Is the High Town refurbishment a waste of money?

Is the proposed Hereford High Town refurbishment a waste of our money?


The proposal to spend £2.5m on refurbishing Hereford high town refurbishment could be better spent across the county.

One Hereford councillor said “If 10% of this money were distributed around the Market Towns, just think of the difference it could make! This is just a Tory gimmick to attempt to make themselves look wonderful”

Read the full story here in the Hereford Times and let us know what you think.

Herefor Courtyard



Cabinet member Cllr Harry Bramer, whose portfolio includes Cultural Services, is ‘in denial’ about the value of arts and culture to their local economy.

Cllr Bramer’s statement came at the cabinet meeting on 10 March where the cabinet considered an external report on the future of the Hereford’s Museum & Art Gallery, Old House and the Friars Street resource and learning centre. The full report is at:

It provides yet further evidence for the massive ‘added-value’ to the local economy of local authority investment in the entire cultural sector – from Glasgow to Margate, Gateshead to rural Dorset. And in Herefordshire the report states: “for every £1 spent on the Herefordshire Museums Service £8.41 is released into the local economy. Herefordshire’s 33 heritage attractions bring at least £18.8m of tourism value to local businesses.”

Cllr Anthony Powers, group leader of It’s Our County, asked Cllr Bramer to agree that such spectacular evidence should be applied to all Herefordshire’s cultural services, and not just to museums or statutory duties such as Archives and Records, in support of the county-wide UK City of Culture 2021 bid. His answer was a flat “No, I do not agree.”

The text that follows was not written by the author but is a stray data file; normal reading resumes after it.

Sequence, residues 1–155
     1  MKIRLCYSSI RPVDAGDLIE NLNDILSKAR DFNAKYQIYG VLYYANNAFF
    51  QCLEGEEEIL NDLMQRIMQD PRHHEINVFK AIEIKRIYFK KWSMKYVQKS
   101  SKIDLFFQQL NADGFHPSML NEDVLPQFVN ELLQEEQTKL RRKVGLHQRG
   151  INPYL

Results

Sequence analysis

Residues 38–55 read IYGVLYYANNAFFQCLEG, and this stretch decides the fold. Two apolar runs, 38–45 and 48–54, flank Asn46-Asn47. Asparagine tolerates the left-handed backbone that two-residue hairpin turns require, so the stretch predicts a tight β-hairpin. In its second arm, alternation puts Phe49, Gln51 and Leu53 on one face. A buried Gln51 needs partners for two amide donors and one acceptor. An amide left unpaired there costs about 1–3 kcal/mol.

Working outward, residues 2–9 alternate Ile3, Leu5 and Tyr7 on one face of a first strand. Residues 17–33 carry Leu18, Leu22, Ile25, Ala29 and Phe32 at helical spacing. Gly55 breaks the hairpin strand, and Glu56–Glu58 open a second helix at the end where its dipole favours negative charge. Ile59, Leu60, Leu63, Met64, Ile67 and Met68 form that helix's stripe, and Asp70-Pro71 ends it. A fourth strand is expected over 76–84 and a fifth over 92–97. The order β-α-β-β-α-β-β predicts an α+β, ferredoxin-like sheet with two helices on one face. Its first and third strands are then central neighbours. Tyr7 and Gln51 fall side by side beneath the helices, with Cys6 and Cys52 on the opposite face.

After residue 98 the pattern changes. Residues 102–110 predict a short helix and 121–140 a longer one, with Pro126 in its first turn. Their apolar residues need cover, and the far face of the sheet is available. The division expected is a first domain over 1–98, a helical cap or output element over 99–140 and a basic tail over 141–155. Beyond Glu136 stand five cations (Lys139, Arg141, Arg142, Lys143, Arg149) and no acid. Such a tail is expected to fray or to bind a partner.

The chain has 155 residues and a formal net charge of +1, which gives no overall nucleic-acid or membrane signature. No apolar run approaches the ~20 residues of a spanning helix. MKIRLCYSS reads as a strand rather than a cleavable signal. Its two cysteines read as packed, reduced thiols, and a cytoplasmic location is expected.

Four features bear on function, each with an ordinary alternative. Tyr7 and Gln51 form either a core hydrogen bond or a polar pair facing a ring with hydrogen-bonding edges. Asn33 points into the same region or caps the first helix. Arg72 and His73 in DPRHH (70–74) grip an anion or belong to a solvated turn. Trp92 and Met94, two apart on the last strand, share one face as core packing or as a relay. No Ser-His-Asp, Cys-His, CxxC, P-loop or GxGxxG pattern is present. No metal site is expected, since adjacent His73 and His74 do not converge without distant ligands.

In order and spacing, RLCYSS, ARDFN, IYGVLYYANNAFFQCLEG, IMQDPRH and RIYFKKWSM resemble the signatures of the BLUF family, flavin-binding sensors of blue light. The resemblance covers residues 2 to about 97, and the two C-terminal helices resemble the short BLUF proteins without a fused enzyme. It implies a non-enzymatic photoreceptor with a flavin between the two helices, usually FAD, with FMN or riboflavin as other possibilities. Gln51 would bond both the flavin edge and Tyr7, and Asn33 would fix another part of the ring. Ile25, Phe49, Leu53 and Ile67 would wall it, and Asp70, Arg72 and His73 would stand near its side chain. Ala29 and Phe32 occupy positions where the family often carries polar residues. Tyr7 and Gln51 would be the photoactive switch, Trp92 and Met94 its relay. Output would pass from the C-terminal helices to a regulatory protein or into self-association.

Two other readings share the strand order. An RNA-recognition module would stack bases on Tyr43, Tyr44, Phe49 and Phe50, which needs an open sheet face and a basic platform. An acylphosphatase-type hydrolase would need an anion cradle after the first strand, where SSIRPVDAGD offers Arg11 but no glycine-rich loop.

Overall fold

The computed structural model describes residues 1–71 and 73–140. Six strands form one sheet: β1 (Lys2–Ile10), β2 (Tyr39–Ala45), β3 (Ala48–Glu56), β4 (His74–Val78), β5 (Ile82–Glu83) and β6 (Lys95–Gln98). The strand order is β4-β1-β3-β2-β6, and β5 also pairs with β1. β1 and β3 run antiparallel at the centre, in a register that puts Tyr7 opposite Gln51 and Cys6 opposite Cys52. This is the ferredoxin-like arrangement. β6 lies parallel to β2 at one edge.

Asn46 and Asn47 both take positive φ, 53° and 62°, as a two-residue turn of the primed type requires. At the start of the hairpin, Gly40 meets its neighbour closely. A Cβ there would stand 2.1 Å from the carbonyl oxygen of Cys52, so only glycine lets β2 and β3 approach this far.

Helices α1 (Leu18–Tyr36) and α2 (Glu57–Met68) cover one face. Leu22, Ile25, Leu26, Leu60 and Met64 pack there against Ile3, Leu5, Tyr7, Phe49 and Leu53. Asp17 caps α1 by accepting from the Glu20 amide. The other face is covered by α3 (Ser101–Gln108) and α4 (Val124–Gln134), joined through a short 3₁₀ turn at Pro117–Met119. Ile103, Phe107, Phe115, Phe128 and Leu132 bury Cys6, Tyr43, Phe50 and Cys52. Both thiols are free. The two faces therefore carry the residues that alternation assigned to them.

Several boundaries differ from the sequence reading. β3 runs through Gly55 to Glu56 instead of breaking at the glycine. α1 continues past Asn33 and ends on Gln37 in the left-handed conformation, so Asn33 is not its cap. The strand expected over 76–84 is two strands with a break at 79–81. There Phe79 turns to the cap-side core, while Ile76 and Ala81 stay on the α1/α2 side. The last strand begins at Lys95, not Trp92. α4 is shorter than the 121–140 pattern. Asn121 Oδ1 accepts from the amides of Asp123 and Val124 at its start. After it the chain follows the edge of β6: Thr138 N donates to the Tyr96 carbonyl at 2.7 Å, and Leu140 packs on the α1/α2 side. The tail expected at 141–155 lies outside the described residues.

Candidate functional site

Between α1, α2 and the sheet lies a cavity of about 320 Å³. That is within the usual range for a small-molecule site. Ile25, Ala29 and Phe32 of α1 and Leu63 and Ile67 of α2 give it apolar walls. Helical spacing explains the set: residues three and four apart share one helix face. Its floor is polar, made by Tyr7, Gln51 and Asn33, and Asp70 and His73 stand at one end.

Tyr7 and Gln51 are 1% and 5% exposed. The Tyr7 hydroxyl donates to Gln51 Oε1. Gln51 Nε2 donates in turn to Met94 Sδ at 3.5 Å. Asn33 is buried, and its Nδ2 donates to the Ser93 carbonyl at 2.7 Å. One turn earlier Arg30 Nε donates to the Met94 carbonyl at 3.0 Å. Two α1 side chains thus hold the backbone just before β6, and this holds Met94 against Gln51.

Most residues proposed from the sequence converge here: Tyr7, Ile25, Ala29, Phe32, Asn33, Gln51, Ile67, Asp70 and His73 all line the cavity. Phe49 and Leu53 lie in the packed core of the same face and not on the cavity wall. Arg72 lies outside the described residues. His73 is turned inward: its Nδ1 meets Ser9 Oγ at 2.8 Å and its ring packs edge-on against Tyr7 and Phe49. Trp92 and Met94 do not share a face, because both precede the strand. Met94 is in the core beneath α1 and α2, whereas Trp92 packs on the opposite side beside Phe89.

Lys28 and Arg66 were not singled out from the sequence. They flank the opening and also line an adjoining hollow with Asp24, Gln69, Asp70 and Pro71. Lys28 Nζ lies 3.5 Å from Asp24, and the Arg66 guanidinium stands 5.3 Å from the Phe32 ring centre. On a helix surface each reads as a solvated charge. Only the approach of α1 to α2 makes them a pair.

All Conservative councillors voted against IOC’s recent budget amendment even to re-instate the Council’s meagre £60k support to the county’s arts organisations.

Good to hear such positive, evidence-based leadership on the Council’s agreed joint-top priority of economic development then. Oh dear, I forgot…economic development is all about road building, isn’t it Harry!?

Anthony Powers 12 03 16

Mraches LEP

Marches LEP – Secretive Quango?

A secretive local quango responsible for millions of pounds of public spending needs to open up – say local campaigners

The Marches Local Enterprise Partnership was formed through a government initiative in 2010 as one of 39 such LEPs across England to act as a channel for national and European funding for major infrastructure projects in Herefordshire, Shropshire and Telford & Wrekin.

Nearly six years later, campaigners say the body should explain what it is spending – and how they are accountable.

It’s Our County’s leader Cllr Anthony Powers said: “Should an ‘informal partnership’ that is not even a legal entity be responsible for giving out tens of millions of pounds of public money in grants to local projects, should this partnership be dominated by unelected private-sector businessmen and be largely unaccountable to local tax payers for its operations?”

The calls came at a meeting of Herefordshire Council’s General Overview and Scrutiny Committee on 8 March.

“The answers from LEP Board chairman Graham Wynne and director Gill Hamer were not encouraging,” said Cllr Powers. “Despite being active for five years the Marches LEP is only now producing its first Annual Report, due in April; and LEP director Gill Hamer’s claim that its financial statements can be found on Shropshire Council’s website has been contradicted by the council who state: ‘The Council has concluded that the role of accountable body is to be deemed as an agent, and therefore the net grant held should not be accounted within the Council’s accounts’.  So where can these accounts be seen?”

Councillors and members of the public have had to pressure the LEP for years to be more open and transparent, and many local businesses are unaware of the opportunities the LEP offers. Successive Monitoring Officers at Herefordshire Council are known to have been uncomfortable from the start with LEP governance and accountability arrangements: yet nothing significant has changed in five years.

“It’s high time our LEP behaved more responsibly. The leopard may not be able to change its spots but the LEP must do so – and sharpish – so the public can know what’s going on”, said Cllr Powers.

Contact: Cllr Anthony Powers    07710 943313